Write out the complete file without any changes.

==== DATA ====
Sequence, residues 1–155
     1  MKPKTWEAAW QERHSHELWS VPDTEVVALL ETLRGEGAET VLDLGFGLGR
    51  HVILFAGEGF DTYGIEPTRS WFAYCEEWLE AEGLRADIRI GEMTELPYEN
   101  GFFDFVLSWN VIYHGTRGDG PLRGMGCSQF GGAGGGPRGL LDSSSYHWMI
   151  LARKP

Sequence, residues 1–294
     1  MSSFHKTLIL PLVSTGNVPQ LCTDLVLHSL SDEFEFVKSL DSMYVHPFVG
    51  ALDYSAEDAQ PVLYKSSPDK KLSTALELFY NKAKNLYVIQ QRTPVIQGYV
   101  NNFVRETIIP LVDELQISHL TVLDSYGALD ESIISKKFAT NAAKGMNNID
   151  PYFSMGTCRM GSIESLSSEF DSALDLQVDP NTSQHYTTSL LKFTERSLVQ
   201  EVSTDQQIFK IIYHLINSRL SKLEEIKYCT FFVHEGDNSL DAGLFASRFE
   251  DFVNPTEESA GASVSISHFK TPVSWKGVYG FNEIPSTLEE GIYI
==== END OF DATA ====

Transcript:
Sequence, residues 1–155
     1  MKPKTWEAAW QERHSHELWS VPDTEVVALL ETLRGEGAET VLDLGFGLGR
    51  HVILFAGEGF DTYGIEPTRS WFAYCEEWLE AEGLRADIRI GEMTELPYEN
   101  GFFDFVLSWN VIYHGTRGDG PLRGMGCSQF GGAGGGPRGL LDSSSYHWMI
   151  LARKP

Sequence, residues 1–294
     1  MSSFHKTLIL PLVSTGNVPQ LCTDLVLHSL SDEFEFVKSL DSMYVHPFVG
    51  ALDYSAEDAQ PVLYKSSPDK KLSTALELFY NKAKNLYVIQ QRTPVIQGYV
   101  NNFVRETIIP LVDELQISHL TVLDSYGALD ESIISKKFAT NAAKGMNNID
   151  PYFSMGTCRM GSIESLSSEF DSALDLQVDP NTSQHYTTSL LKFTERSLVQ
   201  EVSTDQQIFK IIYHLINSRL SKLEEIKYCT FFVHEGDNSL DAGLFASRFE
   251  DFVNPTEESA GASVSISHFK TPVSWKGVYG FNEIPSTLEE GIYI